How do you employ rewards and penalties in your games?  Which do you employ more?  Can you think of a game that benefits more from penalties than rewards?  Which do you prefer?  Share with your fellow readers in the comments below.  And if you’re enjoying what you’re reading, create an account with WordPress and follow this blog.  If you keep reading, I’ll keep writing.


15 thoughts on “Rewards, Not Penalties

  1. ingredientx says:

    Agricola is an interesting example. I really started to grok the game when I realized that finishing with at least one grain, vegetable, and one of each animal type was effectively 2 points for each category (going from -1 points to 1 point).

    That said, I’d argue that framing it as a penalty serves Agricola’s core engagement better than a reward would. Agricola is about medieval farming, and medieval farming was backbreaking work. So Agricola has to be a brutal and punishing game, or at least give the impression of being one.

    That’s why I get an exhilarating feeling playing it. If I’m able to get all five of my family members out, or convert my house to stone, or cover all my board’s empty spaces, I feel like I’ve accomplished something really difficult. I don’t know if I’d get the same exhilaration with a reward system, even though the two systems are mathematically identical.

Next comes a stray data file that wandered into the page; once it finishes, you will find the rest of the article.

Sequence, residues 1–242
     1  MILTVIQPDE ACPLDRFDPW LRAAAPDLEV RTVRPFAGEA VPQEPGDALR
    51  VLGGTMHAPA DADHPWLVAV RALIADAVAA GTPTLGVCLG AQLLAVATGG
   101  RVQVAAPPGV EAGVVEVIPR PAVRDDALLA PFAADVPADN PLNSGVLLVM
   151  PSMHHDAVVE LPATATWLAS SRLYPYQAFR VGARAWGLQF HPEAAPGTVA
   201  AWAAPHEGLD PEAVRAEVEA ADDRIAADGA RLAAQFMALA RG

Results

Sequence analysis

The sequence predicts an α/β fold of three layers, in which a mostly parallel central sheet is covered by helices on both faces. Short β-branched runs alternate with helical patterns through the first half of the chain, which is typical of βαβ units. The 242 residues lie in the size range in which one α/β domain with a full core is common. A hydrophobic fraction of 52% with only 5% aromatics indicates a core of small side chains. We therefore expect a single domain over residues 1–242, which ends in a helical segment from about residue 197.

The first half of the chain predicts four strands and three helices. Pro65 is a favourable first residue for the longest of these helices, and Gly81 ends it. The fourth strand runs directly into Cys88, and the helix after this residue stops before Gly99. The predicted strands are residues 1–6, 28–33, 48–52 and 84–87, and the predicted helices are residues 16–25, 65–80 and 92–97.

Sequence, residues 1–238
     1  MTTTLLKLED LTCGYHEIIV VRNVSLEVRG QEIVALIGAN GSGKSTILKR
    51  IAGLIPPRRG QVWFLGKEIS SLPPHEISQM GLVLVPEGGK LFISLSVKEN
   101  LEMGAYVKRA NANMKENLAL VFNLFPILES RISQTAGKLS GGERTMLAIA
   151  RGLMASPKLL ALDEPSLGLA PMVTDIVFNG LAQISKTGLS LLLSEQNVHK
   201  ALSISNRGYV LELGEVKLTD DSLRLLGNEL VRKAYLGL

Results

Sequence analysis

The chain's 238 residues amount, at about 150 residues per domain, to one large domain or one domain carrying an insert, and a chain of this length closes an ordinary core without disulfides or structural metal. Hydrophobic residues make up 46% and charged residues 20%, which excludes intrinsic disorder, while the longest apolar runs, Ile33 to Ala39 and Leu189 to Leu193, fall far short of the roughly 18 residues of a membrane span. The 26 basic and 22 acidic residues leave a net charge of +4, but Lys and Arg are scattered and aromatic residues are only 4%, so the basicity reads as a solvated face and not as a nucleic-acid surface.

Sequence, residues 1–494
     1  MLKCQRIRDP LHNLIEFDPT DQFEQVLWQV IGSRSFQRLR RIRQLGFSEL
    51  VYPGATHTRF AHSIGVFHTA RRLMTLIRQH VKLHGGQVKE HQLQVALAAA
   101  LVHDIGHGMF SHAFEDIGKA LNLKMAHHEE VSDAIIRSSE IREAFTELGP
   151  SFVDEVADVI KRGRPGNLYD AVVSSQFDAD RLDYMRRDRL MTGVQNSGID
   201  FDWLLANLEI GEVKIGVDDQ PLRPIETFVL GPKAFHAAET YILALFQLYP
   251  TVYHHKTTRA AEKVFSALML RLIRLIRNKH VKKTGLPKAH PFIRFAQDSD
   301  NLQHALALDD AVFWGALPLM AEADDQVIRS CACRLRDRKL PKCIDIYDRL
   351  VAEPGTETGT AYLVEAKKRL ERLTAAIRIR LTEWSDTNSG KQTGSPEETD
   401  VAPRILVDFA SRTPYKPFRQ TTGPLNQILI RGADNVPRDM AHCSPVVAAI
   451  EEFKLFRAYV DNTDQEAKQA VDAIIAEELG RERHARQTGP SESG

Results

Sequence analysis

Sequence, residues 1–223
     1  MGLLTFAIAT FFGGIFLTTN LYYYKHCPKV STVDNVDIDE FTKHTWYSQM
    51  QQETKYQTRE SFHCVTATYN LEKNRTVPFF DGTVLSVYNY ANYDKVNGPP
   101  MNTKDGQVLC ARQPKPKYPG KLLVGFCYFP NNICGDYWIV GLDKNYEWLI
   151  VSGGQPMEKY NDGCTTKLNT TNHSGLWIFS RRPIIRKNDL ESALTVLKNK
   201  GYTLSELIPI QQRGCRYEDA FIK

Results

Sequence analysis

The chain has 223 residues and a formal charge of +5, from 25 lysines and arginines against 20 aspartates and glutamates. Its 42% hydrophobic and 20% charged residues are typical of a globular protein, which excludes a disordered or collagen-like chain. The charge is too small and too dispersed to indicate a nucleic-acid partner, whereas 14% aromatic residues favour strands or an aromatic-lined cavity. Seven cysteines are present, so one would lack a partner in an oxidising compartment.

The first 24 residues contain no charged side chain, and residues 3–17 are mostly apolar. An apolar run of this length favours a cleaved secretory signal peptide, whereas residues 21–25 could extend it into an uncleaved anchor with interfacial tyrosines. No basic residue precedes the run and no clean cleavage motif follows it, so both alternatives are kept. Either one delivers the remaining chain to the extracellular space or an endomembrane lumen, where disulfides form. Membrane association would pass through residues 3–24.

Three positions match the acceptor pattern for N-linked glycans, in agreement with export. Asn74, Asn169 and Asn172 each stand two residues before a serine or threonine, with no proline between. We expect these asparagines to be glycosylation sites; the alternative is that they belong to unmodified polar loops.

• ingredientx says:

      I just thought of another example. The trick-taking game Sticheln is a game all about punishment. It even goes as far as to have players establish their “Pain Colors” at the start of each round. Any card you win in a trick gives you a single point, unless it’s in your Pain Color, in which you lose its face value (which can run pretty high!).

      So that’s another example where framing the scoring in terms of punishments, not rewards, makes the game “feel” difficult.

      Age of Steam’s original rules, where shares are the only way to generate income early in the game, but saddle you with debt for the rest of the game and are negative points during scoring, are another example of a punishment implemented in a way to make a game feel difficult.

      So I think “reward, not punishment” is good for most games, but not all games. There is a market for more sadistic games, so long as they’re skillfully done.

    • I suppose it’s true that punishment adds to the theme of Agricola. I myself never really considered the game that rich in theme, though. As a mechanics-heavy Eurogame, I just saw it as a system that resulted in my feeling dread every time I played it. (To be perfectly honest, I have yet to play the physical version. I only play on my iPod.) With the theme’s not being that abundant other than, “You’re on a farm!”, I always felt that my dread was out of place. It has resulted in the game’s being less and less fun for me each time, even when I do manage to eke out a win. The game, being about batting away the negative points, just seems like a drain to me.

      • ingredientx says:

        Totally fair. For my money, I enjoy games with more “sadistic” gameplay, and I don’t mind theme/mechanism pairings that are merely evocative or metaphorical, as long as they fit into the general presentation of the game. That sort of thing really does come down to personal preference, though.